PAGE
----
Overall barring some big totally unexpected event it will likely be a fairly quiet year and I expect the polling to look much the same at the end of it as it does now, with no General Election and no change of leadership. What is more exciting is to watch the development of the influx of young Tories who are leading a social media fight back. Where will they take this in 2018, hopefully even further getting more people involved still to fight the barrage of hatred and abuse and Fake News that is the hallmark of Labour’s social media machine that needs desperately to be taken on and defeated.

2018 is in some ways the start of a five year cycle that will determine a lot about the future of Britain for a long time to come. While the window for those who want to stop Brexit looks small, it being done or not will have much longer effects. Then comes the next General Election, assuming it is in 2022, who will take control of post Brexit Britain, the Conservatives or the Hard left of Corbyn’s Labour, in a world where many more powers will be available to the winner, will also have long term consequences for the country. I have little doubt Britain outside the EU with a Conservative majority Government come 1st January 2023 is the best outcome. 

 

 

 

Moon of Liberty Elections – Local by elections 03/08/2017

WAP

Local by Election Round-Up

It was a big week for Labour in this week’s local by elections. They made three gains with big vote share increases in Worthing, Margate and Swale. The reason for these big wins will also vindicate Jeremy Corbyn’s approach to Brexit as all three victories came as a result of Labour taking the bulk of the collapsing UKIP vote, or in the case of the Worthing gain against the Conservatives, taking the bulk of a large UKIP vote where the party did not stand. The evidence is leave referendum voters have been driving these victories, which follows on from the General Election where Labour took far more leave voters than many expected, a key part of why we ended up with a Hung Parliament. a dilemma for those critical of Corbyn and who want a more pro-EU line from Labour.

The Conservative did not see huge vote share drops and made a technical gain from Labour in Kings Lynne where the Labour councillor elected in second place in a multi member ward last time stood down, and the Tories who had most votes in the ward last time overall, maintained that to take the seat. The is why though there was a small swing to Labour, it was still a Conservative gain.

One trend that continues from the General election is than the two big parties remain dominant. UKIP’s collapse drove this weeks result but the Lib Dems are making no progress at all and the small Green vote collapsed where they stood this week too. The era of two party politics appears to be here to stay for the time being.

Labour’s big week sees them move in front on projected UK vote share for the first time since Corbyn became leader. They lead the Tories by 0.9% after this weeks results. All the current up to date numbers can be found on the Elections and Polling numbers page.

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MOON OF LIBERTY ELECTION RESULTS

Local by Elections 05/08/2017

Loughborough Spelthorpe (Charnwood) Lab 595 Con 591 LD 92 UKIP 29Lab HoldSwing (May 2015) Con-Lab 2.8%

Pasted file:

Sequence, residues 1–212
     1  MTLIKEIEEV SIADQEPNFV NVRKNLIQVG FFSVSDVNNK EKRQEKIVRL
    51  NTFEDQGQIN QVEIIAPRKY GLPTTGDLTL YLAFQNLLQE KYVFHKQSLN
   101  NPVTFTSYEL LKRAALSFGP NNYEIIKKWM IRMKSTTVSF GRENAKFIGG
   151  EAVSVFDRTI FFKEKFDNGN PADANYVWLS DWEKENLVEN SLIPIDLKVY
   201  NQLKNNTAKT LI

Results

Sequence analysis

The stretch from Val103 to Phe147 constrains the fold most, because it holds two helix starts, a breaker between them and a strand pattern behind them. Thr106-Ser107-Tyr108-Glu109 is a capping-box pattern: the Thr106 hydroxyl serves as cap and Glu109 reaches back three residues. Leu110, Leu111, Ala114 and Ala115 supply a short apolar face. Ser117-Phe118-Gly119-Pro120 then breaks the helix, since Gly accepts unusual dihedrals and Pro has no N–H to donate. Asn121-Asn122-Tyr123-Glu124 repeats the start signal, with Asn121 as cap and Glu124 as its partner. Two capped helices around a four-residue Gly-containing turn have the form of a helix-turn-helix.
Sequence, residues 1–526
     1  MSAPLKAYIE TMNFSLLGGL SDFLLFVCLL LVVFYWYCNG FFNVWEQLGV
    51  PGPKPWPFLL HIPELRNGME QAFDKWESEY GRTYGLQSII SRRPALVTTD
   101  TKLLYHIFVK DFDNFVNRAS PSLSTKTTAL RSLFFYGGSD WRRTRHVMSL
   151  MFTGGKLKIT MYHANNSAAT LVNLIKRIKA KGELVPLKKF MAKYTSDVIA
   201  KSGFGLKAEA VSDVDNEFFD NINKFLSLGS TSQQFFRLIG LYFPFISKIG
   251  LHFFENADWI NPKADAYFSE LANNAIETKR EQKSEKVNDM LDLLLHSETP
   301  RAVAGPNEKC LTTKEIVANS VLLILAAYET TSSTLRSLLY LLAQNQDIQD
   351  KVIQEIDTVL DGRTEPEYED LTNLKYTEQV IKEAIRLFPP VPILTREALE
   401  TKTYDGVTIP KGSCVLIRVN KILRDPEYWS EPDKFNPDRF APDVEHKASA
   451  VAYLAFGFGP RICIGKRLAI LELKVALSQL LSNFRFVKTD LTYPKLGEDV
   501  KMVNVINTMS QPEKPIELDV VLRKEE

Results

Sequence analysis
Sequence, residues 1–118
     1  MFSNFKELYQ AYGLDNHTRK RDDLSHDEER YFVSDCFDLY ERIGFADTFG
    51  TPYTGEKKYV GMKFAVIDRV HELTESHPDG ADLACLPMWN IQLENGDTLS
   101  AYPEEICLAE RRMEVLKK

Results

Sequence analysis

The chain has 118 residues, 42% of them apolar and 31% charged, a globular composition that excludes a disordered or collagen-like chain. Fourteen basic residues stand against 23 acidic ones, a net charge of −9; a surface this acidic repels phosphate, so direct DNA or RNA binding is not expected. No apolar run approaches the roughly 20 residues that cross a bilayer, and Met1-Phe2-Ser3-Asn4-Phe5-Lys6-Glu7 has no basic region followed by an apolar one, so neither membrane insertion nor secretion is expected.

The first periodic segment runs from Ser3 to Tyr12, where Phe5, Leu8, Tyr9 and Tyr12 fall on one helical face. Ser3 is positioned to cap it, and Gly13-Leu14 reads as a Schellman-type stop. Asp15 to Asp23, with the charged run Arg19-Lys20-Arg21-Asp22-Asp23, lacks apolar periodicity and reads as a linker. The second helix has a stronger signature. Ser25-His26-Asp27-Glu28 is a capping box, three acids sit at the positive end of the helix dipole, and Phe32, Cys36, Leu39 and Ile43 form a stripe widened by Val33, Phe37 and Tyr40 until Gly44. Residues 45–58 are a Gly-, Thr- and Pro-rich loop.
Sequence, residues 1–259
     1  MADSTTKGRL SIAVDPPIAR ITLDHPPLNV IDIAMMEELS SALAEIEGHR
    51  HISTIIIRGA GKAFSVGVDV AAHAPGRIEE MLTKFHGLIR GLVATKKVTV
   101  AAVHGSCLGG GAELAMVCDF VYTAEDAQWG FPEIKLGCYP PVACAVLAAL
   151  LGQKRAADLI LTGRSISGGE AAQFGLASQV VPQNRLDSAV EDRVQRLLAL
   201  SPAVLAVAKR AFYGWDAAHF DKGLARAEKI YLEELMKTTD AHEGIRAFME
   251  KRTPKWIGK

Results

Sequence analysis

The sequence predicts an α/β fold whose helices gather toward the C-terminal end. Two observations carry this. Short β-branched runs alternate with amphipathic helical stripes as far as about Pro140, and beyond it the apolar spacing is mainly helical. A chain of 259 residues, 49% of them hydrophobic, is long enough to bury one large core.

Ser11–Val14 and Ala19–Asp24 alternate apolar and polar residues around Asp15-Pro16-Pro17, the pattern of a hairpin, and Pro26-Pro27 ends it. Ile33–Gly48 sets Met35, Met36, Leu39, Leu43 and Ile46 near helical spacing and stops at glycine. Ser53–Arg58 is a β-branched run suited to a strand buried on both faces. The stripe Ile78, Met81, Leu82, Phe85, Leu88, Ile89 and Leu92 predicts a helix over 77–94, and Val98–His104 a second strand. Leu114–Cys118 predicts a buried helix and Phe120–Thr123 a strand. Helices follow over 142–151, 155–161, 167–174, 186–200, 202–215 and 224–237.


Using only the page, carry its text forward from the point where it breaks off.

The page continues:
Marine (Worthing)Lab 1032 Con 846 LD 246 Green 55LAB GAIN FROM CONSwing (May 2016) Con-Lab 17.1%

Margate Central (Thanet)Lab 454 Con 190 UKIP 52 LD 33 Ind 24 Green 23 Ind 13LAB GAIN FROM UKIPSwing (May 2015) UKIP-Lab 24.5%

Milton Regis (Swale)Lab 573 Con 255 UKIP 151 LD 86LAB GAIN FROM UKIPSwing (May 2015) UKIP-Lab 19.8%

Penshurst, Fordscombe & Chiddingstone (Sevenoaks)Con 438 LD 253 Lab 54Con HoldSwing (May 2015) LD-Con 2.6%

St Margarets & St Nicholas (Kings Lynne & W Norfolk) – Con 253 Lab 210 LD 173 Green 63CON GAIN FROM LABSwing (May 2015 top vote) Con-Lab 1.7%

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Moon of Liberty Editorial – Brexit & The Trump Wing

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Editorial – Reflections of the Moon

Brexit – It’s the outcome that matters

The process of the UK leaving the EU is in a precarious position. Despite their being in my view not a shred of evidence the decision to leave the EU being a mistake, for some reason those who want to block the process from happening are appearing more confident. Much of this is to do with splits in the cabinet, with Chancellor Phillip Hammond calling for a 3 year transition period and Trade secretary Liam Fox declaring free movement of people, which would be part of any such arrangement, must end in 2019.

Meanwhile post the failure of Prime Minister Theresa May to win a majority, she looks powerless to stop the cabinet battles, which are a proxy for what they see as the inevitable leadership contest to come, from going on around her. Ultimately while these day to day machinations will fascinate the press, what actually matter is the final outcome. Expect the process to continue slowly until the final moment when, as is the EU way, the path to a deal will suddenly speed up.

Whatever happens in the deal, or whether there is no deal, no option is in my view worse than remaining in the EU, the consequences will be in effect accepting the Superstate the EU wants to move to and the end of a Free Britain. This is far more important than the wranglings in the run up, the final outcome is what matters and the defeat of those wanting to stop the process is essential to ensure we remain in a free country in whatever form it ends up.